Forest ministry staff are conduction slash burning in the Mt. Macpherson trails area. The burns will get rid of debris created during a demonstration wildfire management program earlier this year. The burning is expected to last a few weeks.

Forest ministry staff are conduction slash burning in the Mt. Macpherson trails area. The burns will get rid of debris created during a demonstration wildfire management program earlier this year. The burning is expected to last a few weeks.

Slash burns cause of smoke near Revelstoke

Smoke coming from behind the Begbie Bench area across the Columbia River from downtown Revelstoke is from a prescribed pile burning program that starts this week and could run for a few weeks, weather depending.

Smoke coming from behind the Begbie Bench area across the Columbia River from downtown Revelstoke is from a prescribed pile burning program that starts this week and could run for a few weeks, weather depending.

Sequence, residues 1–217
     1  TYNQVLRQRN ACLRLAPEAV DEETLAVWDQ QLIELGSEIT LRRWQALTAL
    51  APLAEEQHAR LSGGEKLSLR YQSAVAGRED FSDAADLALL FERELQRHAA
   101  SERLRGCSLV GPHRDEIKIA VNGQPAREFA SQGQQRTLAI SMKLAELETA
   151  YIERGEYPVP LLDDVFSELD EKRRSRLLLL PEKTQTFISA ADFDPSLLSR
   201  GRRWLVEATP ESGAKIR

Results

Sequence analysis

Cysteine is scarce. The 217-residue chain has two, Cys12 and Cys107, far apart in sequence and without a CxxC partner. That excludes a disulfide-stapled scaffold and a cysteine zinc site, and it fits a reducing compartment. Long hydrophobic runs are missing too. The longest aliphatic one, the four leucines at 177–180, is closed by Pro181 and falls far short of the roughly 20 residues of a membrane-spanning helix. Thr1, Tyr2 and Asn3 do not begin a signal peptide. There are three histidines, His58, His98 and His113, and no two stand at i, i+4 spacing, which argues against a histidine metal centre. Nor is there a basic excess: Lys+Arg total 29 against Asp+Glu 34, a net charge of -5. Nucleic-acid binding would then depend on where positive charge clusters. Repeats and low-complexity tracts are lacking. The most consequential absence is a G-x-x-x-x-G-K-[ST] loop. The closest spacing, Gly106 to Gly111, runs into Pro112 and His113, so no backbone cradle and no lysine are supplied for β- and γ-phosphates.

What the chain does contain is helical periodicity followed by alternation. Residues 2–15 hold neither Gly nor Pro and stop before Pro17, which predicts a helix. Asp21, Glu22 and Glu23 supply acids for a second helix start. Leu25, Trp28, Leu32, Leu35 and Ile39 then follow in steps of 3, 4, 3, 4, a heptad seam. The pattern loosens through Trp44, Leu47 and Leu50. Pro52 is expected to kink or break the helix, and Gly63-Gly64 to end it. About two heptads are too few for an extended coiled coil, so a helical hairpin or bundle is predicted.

Ministry of Forests, Lands and Natural Resources crews are burning slash piles created by a fuel management program conducted in the spring, including near the Mt. Macpherson trails area and along Highway 23.

A ministry spokesperson said the project could take up to a few weeks. “It’s all dependent on venting and the weather,” said fire information officer Karlie Shaughnessy.  Burns are timed to be done during ideal conditions that will allow the smoke to vent out and blow away. If conditions remain ideal, the work could be completed quicker.

The fuel management project served two purposes. In addition to helping protect the recreation area and highway from wildfire, it also served as a demonstration area, allowing residents to be able to view what a typical Fire Smart forest looks like.

The fuel management work included removing danger trees, thinning stands, clearing fuels on the forest floors, cutting limbs off and removing unhealthy trees.